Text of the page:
HL Deb 11 June 1992 vol 537 cc1361-2

3.22 p.m.

Lord Clinton-Davis asked Her Majesty's Government:

What action they propose for the extension of the Jubilee Line.

The Minister of State, Department of Transport (The Earl of Caithness)

My Lords, the position has not changed. Unless and until private sector contributions are assured, we see no prospect of authorising the start of construction. We therefore continue to look to the private sector to make its contribution so that the line can proceed.

Lord Clinton-Davis

My Lords, will the Minister indicate what contingency plans the Government have if the contribution from the private sector is not forthcoming? Is he aware that there are many other important transport projects which ought to be undertaken in London and which should not be left on hold? What lessons have the Government learnt from this appalling débâcle?

The Earl of Caithness

My Lords, there is no débâcle. It is simply a matter of joining the private sector and the public sector. I can understand that the noble Lord wishes the taxpayer to pay for everything. People who support that view now are few and far between.

Baroness Gardner of Parkes

My Lords, can the Minister say what is the cost to London Transport of retaining its highly skilled engineering and planning staff who are all ready for the operation? Will there be a time limit put on how long that skilled group can be retained ready to do the work? Does that put pressure on the private individuals who are required to produce the money?

The Earl of Caithness

My Lords, we have made a contribution of about £100 million in order to help LUL do the necessary preparatory work. The answer to my noble friend's question depends very much on the speed with which the administrator can deal with the problem. We can then proceed as quickly as possible.

Lord Ezra

My Lords, is the noble Earl aware of the similar developments which arose in Paris in the La Défense area? There the government made full provision for transport, and that is now an additional and thriving part of Paris? Does he feel it desirable that the present impasse and difficulties in Docklands should be resolved in that way?

The Earl of Caithness

My Lords, Docklands is thriving considerably more than it was 10 years ago. Perhaps the noble Lord would like to know that in 1981 there were 39,500 residents and there are now 62,000. There were 27,000 people employed and there are now 60,000. And the figure of 5 per cent. home ownership is now 40 per cent.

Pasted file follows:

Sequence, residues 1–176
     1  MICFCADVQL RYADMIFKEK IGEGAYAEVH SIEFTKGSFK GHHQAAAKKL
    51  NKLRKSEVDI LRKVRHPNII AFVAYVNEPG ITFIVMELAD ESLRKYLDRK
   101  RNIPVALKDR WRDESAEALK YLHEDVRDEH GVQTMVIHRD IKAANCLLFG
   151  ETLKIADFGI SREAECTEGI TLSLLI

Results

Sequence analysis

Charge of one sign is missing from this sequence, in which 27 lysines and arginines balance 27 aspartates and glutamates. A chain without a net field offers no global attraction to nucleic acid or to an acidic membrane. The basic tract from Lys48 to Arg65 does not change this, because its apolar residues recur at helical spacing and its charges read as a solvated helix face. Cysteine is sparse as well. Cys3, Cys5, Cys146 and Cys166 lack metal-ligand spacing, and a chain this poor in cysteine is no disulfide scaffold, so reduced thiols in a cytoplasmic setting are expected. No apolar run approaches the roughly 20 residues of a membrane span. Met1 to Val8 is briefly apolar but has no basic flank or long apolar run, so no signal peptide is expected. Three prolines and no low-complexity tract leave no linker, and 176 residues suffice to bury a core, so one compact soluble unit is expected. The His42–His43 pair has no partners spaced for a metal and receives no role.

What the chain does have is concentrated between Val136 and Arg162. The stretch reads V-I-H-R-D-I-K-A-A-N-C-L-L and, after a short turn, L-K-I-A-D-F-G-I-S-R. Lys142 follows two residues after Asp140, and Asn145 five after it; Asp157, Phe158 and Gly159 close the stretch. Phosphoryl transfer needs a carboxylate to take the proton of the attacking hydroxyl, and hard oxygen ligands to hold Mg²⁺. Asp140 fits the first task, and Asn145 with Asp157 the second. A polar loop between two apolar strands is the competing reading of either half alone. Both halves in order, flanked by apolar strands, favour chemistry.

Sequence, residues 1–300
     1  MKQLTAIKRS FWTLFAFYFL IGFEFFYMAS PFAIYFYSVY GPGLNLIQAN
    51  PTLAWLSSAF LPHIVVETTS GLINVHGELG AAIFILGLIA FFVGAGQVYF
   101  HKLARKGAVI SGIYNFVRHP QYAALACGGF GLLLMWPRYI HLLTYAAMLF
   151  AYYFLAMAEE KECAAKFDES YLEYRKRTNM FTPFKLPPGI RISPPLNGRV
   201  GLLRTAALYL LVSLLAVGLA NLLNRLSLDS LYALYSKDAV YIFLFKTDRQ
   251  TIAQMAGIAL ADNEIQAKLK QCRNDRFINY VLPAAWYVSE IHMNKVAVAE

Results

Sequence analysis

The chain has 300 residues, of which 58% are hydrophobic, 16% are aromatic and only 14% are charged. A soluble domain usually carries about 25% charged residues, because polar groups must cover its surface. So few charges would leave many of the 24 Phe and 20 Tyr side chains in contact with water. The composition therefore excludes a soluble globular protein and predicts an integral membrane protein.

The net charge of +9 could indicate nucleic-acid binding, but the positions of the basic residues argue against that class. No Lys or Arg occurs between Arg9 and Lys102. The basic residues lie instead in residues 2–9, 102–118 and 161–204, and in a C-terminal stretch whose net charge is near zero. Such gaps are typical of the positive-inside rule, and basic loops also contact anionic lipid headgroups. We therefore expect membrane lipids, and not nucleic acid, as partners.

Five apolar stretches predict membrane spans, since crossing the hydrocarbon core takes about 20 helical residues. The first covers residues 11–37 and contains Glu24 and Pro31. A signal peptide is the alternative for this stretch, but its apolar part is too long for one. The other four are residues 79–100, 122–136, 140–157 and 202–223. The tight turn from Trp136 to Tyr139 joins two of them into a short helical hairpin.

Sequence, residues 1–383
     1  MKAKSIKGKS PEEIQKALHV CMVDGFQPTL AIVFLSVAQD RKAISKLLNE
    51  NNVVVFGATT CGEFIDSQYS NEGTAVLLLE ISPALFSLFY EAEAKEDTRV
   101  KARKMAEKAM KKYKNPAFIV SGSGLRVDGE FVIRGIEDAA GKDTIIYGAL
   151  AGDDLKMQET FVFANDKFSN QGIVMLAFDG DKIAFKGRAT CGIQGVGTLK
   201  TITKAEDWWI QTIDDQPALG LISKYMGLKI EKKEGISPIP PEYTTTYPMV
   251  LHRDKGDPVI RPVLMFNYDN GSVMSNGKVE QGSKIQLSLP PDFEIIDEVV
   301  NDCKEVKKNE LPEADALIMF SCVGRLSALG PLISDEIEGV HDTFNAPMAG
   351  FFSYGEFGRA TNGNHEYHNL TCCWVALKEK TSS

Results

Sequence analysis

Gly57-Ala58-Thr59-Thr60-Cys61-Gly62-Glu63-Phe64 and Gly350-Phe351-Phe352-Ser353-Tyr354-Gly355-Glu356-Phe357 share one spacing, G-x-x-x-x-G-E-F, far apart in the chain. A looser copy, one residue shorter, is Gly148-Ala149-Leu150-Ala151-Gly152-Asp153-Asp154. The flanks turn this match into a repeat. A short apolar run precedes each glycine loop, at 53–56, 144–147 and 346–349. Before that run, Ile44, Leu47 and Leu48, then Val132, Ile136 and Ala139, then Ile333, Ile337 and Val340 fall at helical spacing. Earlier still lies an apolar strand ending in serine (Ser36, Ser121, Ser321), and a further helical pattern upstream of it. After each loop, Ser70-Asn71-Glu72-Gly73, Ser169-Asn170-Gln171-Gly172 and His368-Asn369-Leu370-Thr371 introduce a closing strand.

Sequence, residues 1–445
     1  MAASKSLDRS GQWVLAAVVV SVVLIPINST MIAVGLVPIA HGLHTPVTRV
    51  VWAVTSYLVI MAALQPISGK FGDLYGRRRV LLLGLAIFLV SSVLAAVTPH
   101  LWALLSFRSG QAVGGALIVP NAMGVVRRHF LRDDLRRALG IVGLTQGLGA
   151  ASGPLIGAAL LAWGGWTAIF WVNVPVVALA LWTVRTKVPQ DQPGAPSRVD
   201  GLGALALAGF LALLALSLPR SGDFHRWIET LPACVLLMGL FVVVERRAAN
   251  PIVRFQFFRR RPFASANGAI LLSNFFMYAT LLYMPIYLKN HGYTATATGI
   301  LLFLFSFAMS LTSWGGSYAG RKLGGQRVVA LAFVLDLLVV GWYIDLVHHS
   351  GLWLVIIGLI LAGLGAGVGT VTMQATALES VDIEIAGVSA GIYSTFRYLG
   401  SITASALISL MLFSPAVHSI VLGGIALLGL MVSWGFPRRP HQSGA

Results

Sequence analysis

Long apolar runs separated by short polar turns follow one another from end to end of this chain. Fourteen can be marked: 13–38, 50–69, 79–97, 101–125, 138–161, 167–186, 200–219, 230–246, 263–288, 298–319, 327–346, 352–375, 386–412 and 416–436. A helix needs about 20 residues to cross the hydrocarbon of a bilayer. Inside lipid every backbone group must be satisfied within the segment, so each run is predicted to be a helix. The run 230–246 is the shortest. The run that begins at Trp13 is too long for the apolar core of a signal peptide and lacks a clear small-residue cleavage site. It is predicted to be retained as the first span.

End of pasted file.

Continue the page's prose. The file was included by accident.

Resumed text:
Earl Russell

My Lords, the Minister complained about making the taxpayer pay for everything. Is he aware of a widespread feeling that there is a tendency to make business pay for everything? Is there any good reason why business should pay for this project other than that the Government do not want to do so?

The Earl of Caithness

My Lords, I am not sure that the noble Lord is fully au fait with the fact that the Government are putting in £1.5 billion.

Lord Clinton-Davis

My Lords, will the Minister now kindly answer one of the questions I put to him which he avoided with a rather feeble answer? If the private sector is not forthcoming with the £400 million contribution required, what do the Government propose to do? Do they intend to embark with some speed on other urgent projects?

The Earl of Caithness

My Lords, I replied in my original Answer to the question that the noble Lord has again put to me. His question about other schemes in London is wide of the Question on the Order Paper.

Lord Tordoff

My Lords, having given an answer to my noble friend which was very wide of the question, will the Minister now answer the question of what contingency plans the Government have for the Jubilee Line if the private sector does not come up with its share of the money?

The Earl of Caithness

My Lords, I answered that question in my first Answer.